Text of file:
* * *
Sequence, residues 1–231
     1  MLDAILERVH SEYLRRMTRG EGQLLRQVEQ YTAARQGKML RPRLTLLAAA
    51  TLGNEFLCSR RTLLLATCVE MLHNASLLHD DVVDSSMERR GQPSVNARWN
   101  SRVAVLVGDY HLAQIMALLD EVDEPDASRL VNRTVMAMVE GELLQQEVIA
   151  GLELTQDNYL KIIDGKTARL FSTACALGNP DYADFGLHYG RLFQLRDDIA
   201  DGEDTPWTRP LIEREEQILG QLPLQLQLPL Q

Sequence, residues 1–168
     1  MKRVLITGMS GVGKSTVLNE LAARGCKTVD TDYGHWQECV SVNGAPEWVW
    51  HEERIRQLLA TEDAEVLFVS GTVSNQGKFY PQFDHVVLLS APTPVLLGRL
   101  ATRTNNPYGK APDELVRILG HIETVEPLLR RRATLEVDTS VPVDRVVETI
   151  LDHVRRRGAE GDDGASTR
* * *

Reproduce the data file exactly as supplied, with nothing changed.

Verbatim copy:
Sequence, residues 1–231
     1  MLDAILERVH SEYLRRMTRG EGQLLRQVEQ YTAARQGKML RPRLTLLAAA
    51  TLGNEFLCSR RTLLLATCVE MLHNASLLHD DVVDSSMERR GQPSVNARWN
   101  SRVAVLVGDY HLAQIMALLD EVDEPDASRL VNRTVMAMVE GELLQQEVIA
   151  GLELTQDNYL KIIDGKTARL FSTACALGNP DYADFGLHYG RLFQLRDDIA
   201  DGEDTPWTRP LIEREEQILG QLPLQLQLPL Q

Sequence, residues 1–168
     1  MKRVLITGMS GVGKSTVLNE LAARGCKTVD TDYGHWQECV SVNGAPEWVW
    51  HEERIRQLLA TEDAEVLFVS GTVSNQGKFY PQFDHVVLLS APTPVLLGRL
   101  ATRTNNPYGK APDELVRILG HIETVEPLLR RRATLEVDTS VPVDRVVETI
   151  LDHVRRRGAE GDDGASTR